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Before you go online to order your vinyl, go downtown

Despite Fredericton’s status as a musically diverse city, there haven’t been many options in the past for music purchasing. If HMV doesn’t have what you’re looking for, where should you turn?

The answer used to be Backstreet Records and Backstreet Records alone. That’s all changed with the arrival of Secondspin Records.

“I started collecting records when I was 16 and haven’t stopped since,” said 37 year-old co-owner, Kris Hopper. “We’ve been open in Saint John for 11 years. We had enough vinyl saved up, and overstock.”

At the beginning of August, Hopper and his brother, Mike, opened their second store, this time in the capital city. The duo has been thinking about expanding for quite some time.

“We’ve been thinking about it for the last three years. We couldn’t find any great locations and had problems with lease agreements. Then about four months ago, we found a spot on York Street, the owner was willing to negotiate and that’s kind of how we got the spot. And it’s an awesome location.”

Hopper added that everything has been going great for them since opening on Aug. 9.

“There’s been a lot of positive comments from kids and older people, who have been collecting for years. People range from 16 to 35-40. So it’s been great and we can’t wait to see even more faces.”

Eric Hill runs Backstreet Records on Queen Street. The store has been around for about 26 years. He believes that business hasn’t dropped for them as a result of Secondspin’s arrival in town.

“August and September are two busy months, with tourists and students coming back to town. Our sales have been pretty consistent with what they have been in previous years. So it’s hard to say that we’re seeing new faces or losing business at this point.”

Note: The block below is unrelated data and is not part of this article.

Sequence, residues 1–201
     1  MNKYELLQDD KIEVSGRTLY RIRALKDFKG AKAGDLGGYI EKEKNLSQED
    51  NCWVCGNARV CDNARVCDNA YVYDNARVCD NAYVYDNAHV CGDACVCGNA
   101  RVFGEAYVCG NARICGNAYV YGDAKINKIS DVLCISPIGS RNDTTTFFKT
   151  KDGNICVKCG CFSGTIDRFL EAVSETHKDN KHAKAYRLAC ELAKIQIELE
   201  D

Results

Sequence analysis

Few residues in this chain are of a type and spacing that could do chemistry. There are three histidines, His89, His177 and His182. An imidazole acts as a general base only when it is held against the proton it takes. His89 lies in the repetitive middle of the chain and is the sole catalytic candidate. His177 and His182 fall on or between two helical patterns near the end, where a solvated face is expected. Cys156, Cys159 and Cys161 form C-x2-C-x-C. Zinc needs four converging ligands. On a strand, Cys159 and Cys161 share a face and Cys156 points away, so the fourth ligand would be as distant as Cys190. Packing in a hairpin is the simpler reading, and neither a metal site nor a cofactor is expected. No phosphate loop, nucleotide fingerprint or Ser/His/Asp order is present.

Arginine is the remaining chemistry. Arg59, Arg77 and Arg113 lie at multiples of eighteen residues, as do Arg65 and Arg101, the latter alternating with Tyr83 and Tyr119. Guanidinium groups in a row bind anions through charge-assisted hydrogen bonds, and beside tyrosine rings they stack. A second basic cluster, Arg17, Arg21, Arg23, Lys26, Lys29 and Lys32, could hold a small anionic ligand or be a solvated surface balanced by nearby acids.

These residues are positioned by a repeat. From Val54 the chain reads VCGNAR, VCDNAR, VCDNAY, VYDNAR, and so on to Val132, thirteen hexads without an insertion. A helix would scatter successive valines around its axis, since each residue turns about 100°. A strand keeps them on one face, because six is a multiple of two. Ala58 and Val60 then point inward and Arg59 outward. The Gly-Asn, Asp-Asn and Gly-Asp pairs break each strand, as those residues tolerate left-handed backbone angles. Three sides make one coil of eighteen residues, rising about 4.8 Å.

Hill said that his customers are what really set him apart from other places.

“Our longevity gives us a little individuality, and because we’ve been open so long, we’ve maintained customers,” he said.

“We’ve had people who have been customers of ours for over 20 years and now they have teenagers who are coming in. So now we have second generation of customers.”

With two record stores in town, you’d think there would be a rivalry. But Hill actually thinks this will help the city.

“You worry that competition will dilute things but there wasn’t much selection as to where you can get music. If you didn’t see something you wanted, then people would go online. But with this new place, it creates a network. But we’re just going to continue with the way we’ve done things.“

Hopper agrees.

“Competition is always healthy. I used to shop there when I was a kid and I know the guys,” he said, adding that “they probably carry different titles than what we sell.”

“They’ve got their client base and we’re just doing our thing. We love music and we love vinyl and we both just want to spread that to the people of Fredericton.”

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